At the end of this portion of our meeting, he asked me if I had questions, and I asked about his approach with his employees contributions to the well being of the company. Was he open to staff that could be included in his decision process, and was there room for a Marketing Director with a vision, with ideas who could contribute to the betterment of his company? He answered that he allowed those around him to participate but he made the overall decisions, for example the quality of the paper for the printers, because he said, we are a company of quality and we must reflect this throughout.
It lasted an uncomfortable 30 minutes, and I thanked him kindly for his time. As I peeled myself out of my chair somewhat shaken, and walked to my car, I realized that I cannot open doors if there are none to be found. It was stupid of me to think I could shift the reality of a culture in one short meeting and this business model was not one that was open to others ideas – that they had to be that of the GM himself. I did hope that he might remember the woman who came and asked questions that he was appalled by. Hoping he knows that being stagnant in the marketplace is like the kiss of death to a company that needs to drive a larger audience. But he gave me the strong impression that this was not his goal, that he relied heavily on the donors and grants the company now received to support the company, that he did not rely on the audience beyond.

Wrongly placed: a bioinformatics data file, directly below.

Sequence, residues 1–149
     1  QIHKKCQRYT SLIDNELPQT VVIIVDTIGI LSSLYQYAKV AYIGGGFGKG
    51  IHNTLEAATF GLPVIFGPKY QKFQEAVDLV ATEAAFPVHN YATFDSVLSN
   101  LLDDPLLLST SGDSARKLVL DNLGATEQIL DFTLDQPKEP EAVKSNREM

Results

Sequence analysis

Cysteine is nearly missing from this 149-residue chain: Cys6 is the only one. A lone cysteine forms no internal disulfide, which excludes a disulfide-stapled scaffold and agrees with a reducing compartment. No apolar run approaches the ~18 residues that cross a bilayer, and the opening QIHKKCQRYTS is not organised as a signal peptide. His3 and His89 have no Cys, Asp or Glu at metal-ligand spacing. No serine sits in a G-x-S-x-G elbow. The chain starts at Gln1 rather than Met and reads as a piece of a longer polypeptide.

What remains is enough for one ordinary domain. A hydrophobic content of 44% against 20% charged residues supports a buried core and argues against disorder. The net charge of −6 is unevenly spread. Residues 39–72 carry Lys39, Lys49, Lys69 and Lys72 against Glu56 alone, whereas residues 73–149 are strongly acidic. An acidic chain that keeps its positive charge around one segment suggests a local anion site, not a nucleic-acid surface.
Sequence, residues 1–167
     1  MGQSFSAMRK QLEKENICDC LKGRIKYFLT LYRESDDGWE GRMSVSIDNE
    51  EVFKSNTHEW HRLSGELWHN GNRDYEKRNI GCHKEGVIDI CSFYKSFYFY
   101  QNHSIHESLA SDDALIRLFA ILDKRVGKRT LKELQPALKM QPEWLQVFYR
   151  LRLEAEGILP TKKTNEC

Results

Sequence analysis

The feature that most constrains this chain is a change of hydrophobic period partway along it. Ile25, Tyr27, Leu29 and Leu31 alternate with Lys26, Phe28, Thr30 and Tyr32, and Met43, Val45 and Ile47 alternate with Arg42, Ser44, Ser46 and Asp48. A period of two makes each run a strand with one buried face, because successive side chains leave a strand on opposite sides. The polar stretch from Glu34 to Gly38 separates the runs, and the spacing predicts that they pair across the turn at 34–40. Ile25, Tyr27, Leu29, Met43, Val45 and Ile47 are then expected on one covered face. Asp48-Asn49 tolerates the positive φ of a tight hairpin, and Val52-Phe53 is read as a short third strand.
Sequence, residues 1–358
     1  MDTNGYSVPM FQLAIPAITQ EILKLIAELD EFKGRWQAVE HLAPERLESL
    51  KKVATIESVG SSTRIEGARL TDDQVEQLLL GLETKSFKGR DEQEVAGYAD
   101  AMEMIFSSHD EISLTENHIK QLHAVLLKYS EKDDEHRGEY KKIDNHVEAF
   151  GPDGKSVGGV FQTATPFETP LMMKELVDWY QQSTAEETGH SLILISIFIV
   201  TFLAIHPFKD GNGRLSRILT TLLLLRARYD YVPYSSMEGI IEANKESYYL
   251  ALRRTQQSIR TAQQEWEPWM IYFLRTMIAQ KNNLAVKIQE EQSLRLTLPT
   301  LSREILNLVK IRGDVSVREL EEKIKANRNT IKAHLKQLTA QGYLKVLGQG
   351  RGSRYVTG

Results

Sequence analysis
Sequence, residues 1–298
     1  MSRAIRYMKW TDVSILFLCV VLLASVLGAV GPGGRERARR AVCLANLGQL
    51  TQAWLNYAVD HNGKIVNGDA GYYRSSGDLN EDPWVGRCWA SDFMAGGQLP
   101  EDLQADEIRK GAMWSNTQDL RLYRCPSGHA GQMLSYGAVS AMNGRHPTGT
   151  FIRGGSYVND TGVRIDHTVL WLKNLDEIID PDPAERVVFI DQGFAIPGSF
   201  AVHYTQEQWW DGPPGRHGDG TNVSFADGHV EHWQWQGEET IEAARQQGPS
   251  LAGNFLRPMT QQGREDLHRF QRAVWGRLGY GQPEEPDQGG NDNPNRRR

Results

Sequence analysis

So OK, I admit, I might need to improve my approach to walking into a business with my so called bright ideas and naivety about a GM’s personality, and where those that have forgotten there is an outside world beyond their own culture, have become delighted with their own bureaucratic nature and sense of importance. While I left rather stunned by the meeting, it actually reinvigorated my thoughts regarding adaptation and change and I walked into the daylight, back into the fresh air.
No matter who or what we do, we must continually reinvent ourselves, we must continue to get better at and must educate ourselves and learn new things and be open. We must also be accountable, not just to board members, donors and sponsors, but to our audience, to our fan base and to our own beliefs in the creative spark that makes us produce the best that we can. To remain authentic and real so that even if we don’t agree to agree, we can have open dialog without fear of reprisal.